After looking online on several websites and forums, there seems to be conflicting answers to this. Some people say that it gives a lighter texture, while others say it gives a more rubbery/tougher texture (due to more gluten being developed). So what's the real truth here? Thanks.

  • 1
    This doesn't completely make sense to me. Gluten is developed by enzyme, bacterial or mechanical action, I don't see how milk has anything to do with it. – GdD Nov 24 '19 at 13:56
  • Well from what I know, gluten forms when it's mixed with water so I thought that if it's mixed with more water then there will be more gluten? – CrackerJacked Nov 24 '19 at 14:08
  • @CrackerJacked: to be clear, there's a bit of a difference between gluten formation and gluten development. Adding more liquid will cause more gluten to form, which can be helpful in reinforcing structure in all sorts of baked goods (from bread to cakes). Kneading or mixing the dough develops the gluten structure further by creating long, elastic chains of gluten as well as crosslinks between chains. In bread and elastic doughs, you want to develop the gluten. In cake, you generally want some to form to create structure as the cake bakes, but you don't want to develop it further. – Athanasius Nov 24 '19 at 16:47

Some people say that it gives a lighter texture, while others say it gives a more rubbery/tougher texture (due to more gluten being developed).

I would challenge the notion that these two aspects are necessarily opposed. Lighter doesn't necessarily mean "softer" or "more tender"; in cakes, it generally means "rising higher with more air." The way that cakes rise higher with more air is partly by having a stronger gluten structure, along with more gas released during baking to inflate the batter. Yes, having a stronger gluten structure will increase "toughness," but cakes already tend to have a very high amount of fat and sugar, which both serve to soften the texture. The two options being compared here are not "lighter" vs. "rubbery." Rather, if milk is added, the cake may be both lighter and stronger in structure, which may make it slightly more "spongy," rather than a cake without milk that is denser and more crumbly.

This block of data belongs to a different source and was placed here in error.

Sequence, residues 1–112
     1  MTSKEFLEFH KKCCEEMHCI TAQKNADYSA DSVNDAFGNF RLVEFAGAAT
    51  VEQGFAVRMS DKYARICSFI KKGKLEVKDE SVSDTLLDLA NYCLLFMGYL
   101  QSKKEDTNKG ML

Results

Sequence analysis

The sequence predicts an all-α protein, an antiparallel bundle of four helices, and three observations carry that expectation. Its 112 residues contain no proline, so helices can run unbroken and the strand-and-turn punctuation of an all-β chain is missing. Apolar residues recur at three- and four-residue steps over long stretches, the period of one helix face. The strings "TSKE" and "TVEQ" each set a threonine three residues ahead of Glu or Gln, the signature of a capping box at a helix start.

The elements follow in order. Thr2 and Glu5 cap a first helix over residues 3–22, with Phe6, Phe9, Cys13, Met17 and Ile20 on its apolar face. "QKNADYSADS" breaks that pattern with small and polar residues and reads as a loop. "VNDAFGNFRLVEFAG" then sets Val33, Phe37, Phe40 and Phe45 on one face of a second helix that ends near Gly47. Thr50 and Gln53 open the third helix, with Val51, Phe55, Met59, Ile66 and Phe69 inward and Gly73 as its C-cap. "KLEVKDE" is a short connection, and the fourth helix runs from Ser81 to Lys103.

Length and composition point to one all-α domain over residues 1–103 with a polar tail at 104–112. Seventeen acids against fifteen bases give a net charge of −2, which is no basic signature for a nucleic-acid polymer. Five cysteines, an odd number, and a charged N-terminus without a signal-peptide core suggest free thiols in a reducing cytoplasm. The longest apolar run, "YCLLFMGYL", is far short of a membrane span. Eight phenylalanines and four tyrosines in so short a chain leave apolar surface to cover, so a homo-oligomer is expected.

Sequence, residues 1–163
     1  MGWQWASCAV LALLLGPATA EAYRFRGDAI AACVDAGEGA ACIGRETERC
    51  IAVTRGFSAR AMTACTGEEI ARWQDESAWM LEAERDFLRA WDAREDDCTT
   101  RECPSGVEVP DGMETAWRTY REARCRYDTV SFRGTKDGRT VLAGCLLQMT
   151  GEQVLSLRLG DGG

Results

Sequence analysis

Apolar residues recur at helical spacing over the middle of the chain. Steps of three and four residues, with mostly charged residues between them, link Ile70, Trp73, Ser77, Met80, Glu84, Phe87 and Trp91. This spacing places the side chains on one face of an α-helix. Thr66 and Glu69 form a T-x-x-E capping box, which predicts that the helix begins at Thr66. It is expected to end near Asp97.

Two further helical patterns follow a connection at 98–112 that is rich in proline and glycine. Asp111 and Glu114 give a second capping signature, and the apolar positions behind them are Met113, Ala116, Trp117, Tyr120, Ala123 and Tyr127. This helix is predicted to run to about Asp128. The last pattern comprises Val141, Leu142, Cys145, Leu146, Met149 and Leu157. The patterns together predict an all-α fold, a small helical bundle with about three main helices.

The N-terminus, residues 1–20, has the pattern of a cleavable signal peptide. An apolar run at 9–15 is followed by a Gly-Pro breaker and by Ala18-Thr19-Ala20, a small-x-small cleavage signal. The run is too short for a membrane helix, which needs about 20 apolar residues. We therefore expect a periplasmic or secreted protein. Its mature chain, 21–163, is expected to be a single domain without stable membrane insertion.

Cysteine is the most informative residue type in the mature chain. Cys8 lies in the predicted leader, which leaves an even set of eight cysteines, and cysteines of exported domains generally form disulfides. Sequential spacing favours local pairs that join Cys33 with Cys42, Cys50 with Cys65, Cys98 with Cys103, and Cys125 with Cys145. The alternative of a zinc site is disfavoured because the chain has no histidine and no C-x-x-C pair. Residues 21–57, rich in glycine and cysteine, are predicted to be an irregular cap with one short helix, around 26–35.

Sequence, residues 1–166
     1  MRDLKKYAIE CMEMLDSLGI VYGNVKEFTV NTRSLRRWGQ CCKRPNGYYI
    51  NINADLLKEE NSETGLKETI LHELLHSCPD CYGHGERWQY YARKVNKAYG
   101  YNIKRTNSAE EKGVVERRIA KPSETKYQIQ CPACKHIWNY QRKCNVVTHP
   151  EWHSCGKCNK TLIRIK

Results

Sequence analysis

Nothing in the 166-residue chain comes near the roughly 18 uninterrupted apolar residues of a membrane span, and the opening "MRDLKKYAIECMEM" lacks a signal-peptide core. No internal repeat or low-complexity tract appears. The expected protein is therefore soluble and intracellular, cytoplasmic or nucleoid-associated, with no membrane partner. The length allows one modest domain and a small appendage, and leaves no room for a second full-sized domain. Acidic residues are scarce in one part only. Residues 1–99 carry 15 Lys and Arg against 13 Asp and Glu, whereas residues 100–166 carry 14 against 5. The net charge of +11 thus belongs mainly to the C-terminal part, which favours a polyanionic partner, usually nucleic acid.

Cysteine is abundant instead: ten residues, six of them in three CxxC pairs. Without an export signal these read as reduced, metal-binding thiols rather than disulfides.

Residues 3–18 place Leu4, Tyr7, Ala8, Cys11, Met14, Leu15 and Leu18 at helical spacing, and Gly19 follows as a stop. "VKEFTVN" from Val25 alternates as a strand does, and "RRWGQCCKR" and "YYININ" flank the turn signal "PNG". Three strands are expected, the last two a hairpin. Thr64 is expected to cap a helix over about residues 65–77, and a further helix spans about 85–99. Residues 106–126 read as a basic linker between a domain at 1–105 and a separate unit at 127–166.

Also, the question as asked brings up an implicit, "Compared to what?" If one doesn't add milk, what is added to replace it? Because most cakes need a certain amount of moisture/water, whether that comes from water or from components milk or eggs, etc. In the CIA's Baking and Pastry book where the role of ingredients in baking is described, they state:

Water acts to dilute or liquefy water-soluble ingredients such as sugar and salt. [...] In addition, water helps to develop the proteins in flour, necessary for proper leavening. Water also acts as a leavener when it changes to steam and expands.